ESK.1 | Keynote Presentation Engagement with Society
Keynote Presentation Engagement with Society
Co-organized by PSE.keynotes
Conveners: Tanja Cegnar, Gerald Fleming
| Thu, 07 Sep, 17:30–18:00 (CEST)|Lecture room B1.02
Thu, 17:30

The Keynote presentation will be given by Lívia Labudová.

Lívia Labudová is a climatologist at the Slovak Hydrometeorological Institute. In the past, she worked as an assistant at the Department of Physical Geography and Geoecology, Faculty of Natural Sciences, Comenius University in Bratislava. Her research focuses on meteorological and soil drought.
Lívia Labudová is involved in operational meteorological and soil drought monitoring, co-operates on international projects focused on drought (e. g. DriDanube, Clim4Cast), prepares expertise on drought occurrence and co-operates on the studies scoped on the drought impacts on agriculture, forestry and hydrology.

Session assets

Orals: Thu, 7 Sep | Lecture room B1.02

Chairpersons: Tanja Cegnar, Gerald Fleming
Onsite presentation
Lívia Labudová

Between 2000 and 2021, on average 4.5 % of the area of the EU was affected annually by droughts due to low precipitation, high evaporation and heatwaves; with particular impacts in 2003, 2012, 2018, 2019 and 2020. Apart from the significant human mortality recorded during some of those events, the highest impacts were seen in croplands and forests, with around 62 and 52 thousand km2 respectively affected on average annually (EEA, 2023). The average annual losses due to weather- and climate-related extremes increased from around EUR 9.7 billion in 1981-1990 to 15.3 billion EUR in 2011-2020. Heatwaves are responsible for over 13% of the total losses while an estimated +/-8% are caused by droughts, forest fires and cold waves together (EEA, 2023). The extent of drought-affected areas has gradually increased over the last two decades and is likely to increase further if no effective global mitigation and EU wide adaptation strategies are established.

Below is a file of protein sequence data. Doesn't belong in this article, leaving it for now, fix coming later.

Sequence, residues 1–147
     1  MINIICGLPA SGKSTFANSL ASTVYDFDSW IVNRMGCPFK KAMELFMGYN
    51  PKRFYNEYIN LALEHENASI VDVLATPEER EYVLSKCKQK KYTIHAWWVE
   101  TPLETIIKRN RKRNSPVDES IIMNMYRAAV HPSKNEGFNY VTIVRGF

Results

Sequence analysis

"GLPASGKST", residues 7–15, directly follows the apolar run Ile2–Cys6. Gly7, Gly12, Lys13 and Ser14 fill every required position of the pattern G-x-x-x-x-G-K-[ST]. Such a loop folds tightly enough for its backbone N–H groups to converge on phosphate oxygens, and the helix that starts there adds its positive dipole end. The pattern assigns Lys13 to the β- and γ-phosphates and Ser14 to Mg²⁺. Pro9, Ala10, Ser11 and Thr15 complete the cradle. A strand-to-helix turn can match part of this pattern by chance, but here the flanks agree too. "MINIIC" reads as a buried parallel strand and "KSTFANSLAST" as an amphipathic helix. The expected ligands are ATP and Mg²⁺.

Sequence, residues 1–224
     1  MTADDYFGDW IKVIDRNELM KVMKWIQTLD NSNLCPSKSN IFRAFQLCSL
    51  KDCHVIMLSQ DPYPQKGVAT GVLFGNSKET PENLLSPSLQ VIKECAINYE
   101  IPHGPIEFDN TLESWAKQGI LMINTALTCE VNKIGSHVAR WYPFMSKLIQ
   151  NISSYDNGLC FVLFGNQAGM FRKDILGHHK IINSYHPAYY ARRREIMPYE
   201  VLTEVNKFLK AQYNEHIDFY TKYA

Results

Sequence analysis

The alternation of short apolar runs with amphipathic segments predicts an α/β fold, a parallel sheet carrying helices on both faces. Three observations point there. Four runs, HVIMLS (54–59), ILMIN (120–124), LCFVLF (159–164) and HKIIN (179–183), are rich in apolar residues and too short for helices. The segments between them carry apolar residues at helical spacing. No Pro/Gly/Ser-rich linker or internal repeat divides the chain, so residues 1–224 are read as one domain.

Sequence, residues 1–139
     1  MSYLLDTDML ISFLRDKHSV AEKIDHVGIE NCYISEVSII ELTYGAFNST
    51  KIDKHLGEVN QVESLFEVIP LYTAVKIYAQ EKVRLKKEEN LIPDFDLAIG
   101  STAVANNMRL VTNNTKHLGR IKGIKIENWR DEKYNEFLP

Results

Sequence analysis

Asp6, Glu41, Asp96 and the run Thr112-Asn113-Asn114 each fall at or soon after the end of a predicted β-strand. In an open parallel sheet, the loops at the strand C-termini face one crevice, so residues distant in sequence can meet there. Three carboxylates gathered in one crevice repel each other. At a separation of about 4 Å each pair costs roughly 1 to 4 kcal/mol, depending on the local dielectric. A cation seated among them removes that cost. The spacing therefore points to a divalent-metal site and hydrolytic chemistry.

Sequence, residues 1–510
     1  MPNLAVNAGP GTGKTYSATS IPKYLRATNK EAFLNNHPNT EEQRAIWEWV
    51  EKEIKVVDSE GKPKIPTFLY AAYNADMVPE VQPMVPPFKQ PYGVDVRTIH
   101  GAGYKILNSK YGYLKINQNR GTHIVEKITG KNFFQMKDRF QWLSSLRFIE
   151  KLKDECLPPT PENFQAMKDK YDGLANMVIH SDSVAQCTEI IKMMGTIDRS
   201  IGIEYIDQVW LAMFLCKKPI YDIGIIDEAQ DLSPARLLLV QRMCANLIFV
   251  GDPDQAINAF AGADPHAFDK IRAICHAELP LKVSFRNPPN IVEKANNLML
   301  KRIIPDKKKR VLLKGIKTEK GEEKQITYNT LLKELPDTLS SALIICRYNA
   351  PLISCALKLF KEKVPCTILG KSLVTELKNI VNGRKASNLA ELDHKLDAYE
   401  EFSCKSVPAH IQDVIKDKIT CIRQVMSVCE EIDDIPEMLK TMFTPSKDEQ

Therefore, the European Commission launched the European Drought Observatory for Resilience and Adaptation project (EDORA), aiming to improve drought resilience and adaptation throughout the EU. The EDORA project aims to facilitate the exchange of knowledge, methods and best practices for drought monitoring and for the assessment of sectoral risk and impacts.

Early warning systems play a key role in the disaster risk prevention. In the context of climate change, natural hazards such as drought, heat waves and wildfires have become a serious problem not only in the Mediterranean region, but also in Central Europe. This fact is the biggest motivation for the Slovak Hydrometeorological Institute (SHMI) to establish early warning system(s), which could alert national bodies, policy makers, stakeholders and the general public in near-real time to help mitigate the negative impacts of these events. Drought monitoring in Slovakia has been running since 2015 and it covers diverse parts of water cycle: meteorological, soil, surface water and underground water. Besides the drought occurrence, great importance is placed on engaging experts from agriculture and forestry, who have joined the national reporting network on drought impacts. In summer 2023 the meteorological drought monitoring will be augmented through an operational gridded monitoring tool, which will be one of the URANOS project outputs.

The most recent activities of SHMI are connected with the Clim4Cast project (Interreg CE) - Central European Alliance for Increasing Climate Change Resilience to Combined Consequences of Drought, Heatwave, and Fire Weather through Regionally-Tuned Forecasting. The project builds on the DriDanube project (Interreg DTP) and aims to create a step-change in preparedness for DHF events (drought, heatwaves and fire weather). The project partners will jointly develop and establish a multi-temporal DHF forecast, which will be integrated into existing national drought monitoring platforms of the 7 participating countries. The project output will serve as an early warning system that can be used by diverse stakeholders and implemented into national legislative frameworks, e.g. as a part of adaptation strategies. Along with the preparation of the warning system, a communication strategy for DHF events, and the national actions plans, which will set up proper response mechanisms, will be proposed. To make Clim4Cast successful it will be necessary to involve key stakeholders from the very beginning of the project, as associated partners regularly consulted on the needs and requirements of diverse sectors.

How to cite: Labudová, L.: The importance of early warning system on drought, heat waves and fire weather in changing climate, EMS Annual Meeting 2023, Bratislava, Slovakia, 4–8 Sep 2023, EMS2023-662,, 2023.